Have you ever been out with your friends at a bar and thought you were okay to drive after a couple of drinks? If you have, you're not alone. A lot of people think that they know their tolerance for alcohol, oftentimes believing that they've waited long enough after drinking to be safe to drive or thinking they haven't consumed enough alcohol to be intoxicated.
But just because you think you know your own body, doesn't mean you actually do and this is where a lot of our Florida readers could find themselves getting into trouble down the road -- literally. That's because every person's tolerance to alcohol is different and unless you've scientifically tested your reaction to alcohol, your intoxication assessment of yourself might be wrong, which could lead to criminal charges if you are arrest for drunk driving.
It's an honest mistake to be sure -- thinking that you are safe to drive when in fact you are not. But it's not a mistake law enforcement here in Florida take lightly. Our laws are considered to be some of the harshest in the country, even for first-time offenders. A first-time DUI conviction can result in fines, the suspension of your drivers' license and the possibility of spending time in jail. The conviction will also appear on your criminal record, which can be viewed by employers.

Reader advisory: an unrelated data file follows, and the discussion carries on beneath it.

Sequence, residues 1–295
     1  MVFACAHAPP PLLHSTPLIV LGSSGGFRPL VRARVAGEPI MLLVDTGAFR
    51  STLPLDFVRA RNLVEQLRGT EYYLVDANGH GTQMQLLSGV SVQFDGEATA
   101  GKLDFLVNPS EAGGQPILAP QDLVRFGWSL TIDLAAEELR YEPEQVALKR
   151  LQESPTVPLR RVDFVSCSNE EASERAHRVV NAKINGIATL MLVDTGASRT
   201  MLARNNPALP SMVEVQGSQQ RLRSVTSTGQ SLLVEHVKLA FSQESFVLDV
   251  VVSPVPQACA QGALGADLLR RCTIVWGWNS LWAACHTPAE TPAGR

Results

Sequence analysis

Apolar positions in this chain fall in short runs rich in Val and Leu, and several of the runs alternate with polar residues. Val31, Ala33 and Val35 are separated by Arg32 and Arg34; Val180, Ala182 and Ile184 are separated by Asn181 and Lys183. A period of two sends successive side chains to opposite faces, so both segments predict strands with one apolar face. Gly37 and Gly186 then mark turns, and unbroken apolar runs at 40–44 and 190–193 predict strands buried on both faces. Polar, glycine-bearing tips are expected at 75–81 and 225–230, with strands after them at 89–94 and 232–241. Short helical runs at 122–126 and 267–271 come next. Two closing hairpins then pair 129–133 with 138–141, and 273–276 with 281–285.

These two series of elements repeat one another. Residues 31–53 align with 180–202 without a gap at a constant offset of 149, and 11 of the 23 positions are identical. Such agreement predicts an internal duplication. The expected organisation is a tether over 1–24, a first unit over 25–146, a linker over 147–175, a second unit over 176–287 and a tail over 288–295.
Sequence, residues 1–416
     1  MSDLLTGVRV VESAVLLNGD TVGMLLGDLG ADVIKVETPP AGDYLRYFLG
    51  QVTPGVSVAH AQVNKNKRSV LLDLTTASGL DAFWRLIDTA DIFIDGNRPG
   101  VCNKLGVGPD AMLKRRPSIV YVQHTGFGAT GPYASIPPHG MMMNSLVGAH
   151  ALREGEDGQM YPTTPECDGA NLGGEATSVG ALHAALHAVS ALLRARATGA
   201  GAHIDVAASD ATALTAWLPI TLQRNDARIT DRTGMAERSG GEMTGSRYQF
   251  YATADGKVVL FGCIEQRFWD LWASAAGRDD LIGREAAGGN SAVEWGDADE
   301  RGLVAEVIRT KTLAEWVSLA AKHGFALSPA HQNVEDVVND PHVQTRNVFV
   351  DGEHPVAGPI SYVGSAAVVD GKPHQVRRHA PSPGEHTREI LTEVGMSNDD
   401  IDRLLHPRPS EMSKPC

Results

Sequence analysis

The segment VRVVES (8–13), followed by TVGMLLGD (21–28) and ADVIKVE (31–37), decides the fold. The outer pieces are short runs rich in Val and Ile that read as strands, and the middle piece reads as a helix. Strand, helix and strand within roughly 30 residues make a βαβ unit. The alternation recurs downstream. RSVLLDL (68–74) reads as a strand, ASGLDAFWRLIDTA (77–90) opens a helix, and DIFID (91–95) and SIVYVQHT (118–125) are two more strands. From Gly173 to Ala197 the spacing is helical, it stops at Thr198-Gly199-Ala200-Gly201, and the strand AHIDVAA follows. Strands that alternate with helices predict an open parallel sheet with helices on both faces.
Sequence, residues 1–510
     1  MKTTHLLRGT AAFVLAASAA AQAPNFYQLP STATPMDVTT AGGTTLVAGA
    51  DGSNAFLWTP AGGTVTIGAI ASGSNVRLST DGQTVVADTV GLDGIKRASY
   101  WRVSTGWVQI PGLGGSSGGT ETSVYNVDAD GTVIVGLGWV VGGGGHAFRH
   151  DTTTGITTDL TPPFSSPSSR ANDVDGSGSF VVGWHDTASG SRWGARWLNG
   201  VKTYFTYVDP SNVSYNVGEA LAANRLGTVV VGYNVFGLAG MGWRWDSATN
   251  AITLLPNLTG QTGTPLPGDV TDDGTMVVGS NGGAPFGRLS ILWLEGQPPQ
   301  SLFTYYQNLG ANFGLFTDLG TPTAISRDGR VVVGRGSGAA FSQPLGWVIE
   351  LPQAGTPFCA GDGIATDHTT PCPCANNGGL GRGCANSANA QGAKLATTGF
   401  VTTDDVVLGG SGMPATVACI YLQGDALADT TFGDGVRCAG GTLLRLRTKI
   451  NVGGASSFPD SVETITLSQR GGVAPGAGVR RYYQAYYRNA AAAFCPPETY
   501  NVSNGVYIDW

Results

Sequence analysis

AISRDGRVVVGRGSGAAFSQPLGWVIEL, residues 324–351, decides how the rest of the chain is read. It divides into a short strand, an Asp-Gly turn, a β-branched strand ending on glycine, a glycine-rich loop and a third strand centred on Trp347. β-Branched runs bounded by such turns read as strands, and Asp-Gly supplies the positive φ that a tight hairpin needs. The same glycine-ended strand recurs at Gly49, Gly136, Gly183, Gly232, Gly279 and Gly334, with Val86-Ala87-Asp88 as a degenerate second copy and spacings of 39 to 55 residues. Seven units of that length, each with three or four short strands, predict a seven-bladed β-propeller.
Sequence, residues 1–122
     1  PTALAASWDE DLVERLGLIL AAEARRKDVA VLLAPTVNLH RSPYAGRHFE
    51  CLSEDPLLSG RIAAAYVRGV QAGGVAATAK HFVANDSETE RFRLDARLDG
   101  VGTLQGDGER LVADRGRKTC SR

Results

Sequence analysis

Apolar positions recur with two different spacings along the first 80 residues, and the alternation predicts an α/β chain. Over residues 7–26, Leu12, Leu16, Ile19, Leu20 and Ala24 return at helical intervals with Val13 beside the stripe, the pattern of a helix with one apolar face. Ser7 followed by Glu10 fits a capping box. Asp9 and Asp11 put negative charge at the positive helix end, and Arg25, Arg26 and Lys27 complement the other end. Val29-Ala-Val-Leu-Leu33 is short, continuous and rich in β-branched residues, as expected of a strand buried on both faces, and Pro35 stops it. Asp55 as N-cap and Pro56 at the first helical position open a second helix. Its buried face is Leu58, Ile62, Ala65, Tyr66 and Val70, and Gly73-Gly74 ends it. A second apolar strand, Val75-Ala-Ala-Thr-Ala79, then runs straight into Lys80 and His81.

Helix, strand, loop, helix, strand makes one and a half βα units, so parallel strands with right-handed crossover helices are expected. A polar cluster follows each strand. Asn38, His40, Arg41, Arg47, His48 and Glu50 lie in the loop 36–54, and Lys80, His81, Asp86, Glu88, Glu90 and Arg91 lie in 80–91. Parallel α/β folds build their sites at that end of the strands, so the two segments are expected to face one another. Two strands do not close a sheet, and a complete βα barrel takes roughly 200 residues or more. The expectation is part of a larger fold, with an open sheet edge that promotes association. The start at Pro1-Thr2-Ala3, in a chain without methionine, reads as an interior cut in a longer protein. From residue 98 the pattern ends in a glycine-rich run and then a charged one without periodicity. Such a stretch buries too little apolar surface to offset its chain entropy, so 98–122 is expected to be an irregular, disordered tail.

While some people might be content to brush off a first-time DUI conviction, we'd advise anyone here in Orlando who is reading this post to not react this way. Any DUI conviction, whether it's your first or third, can have a serious effect on your life. And because convictions can stay on your record for years, it's an effect that doesn't go away easily.
You can help diminish the impact of a DUI charge by talking to a lawyer before your case goes before the courts. A good drunk-driving defense attorney like Corey I. Cohen will walk you through the legal process and help you make the right decisions for you. They can also help you present evidence that might even get your case dismissed. You won't know your own outcome though unless you talk to an attorney.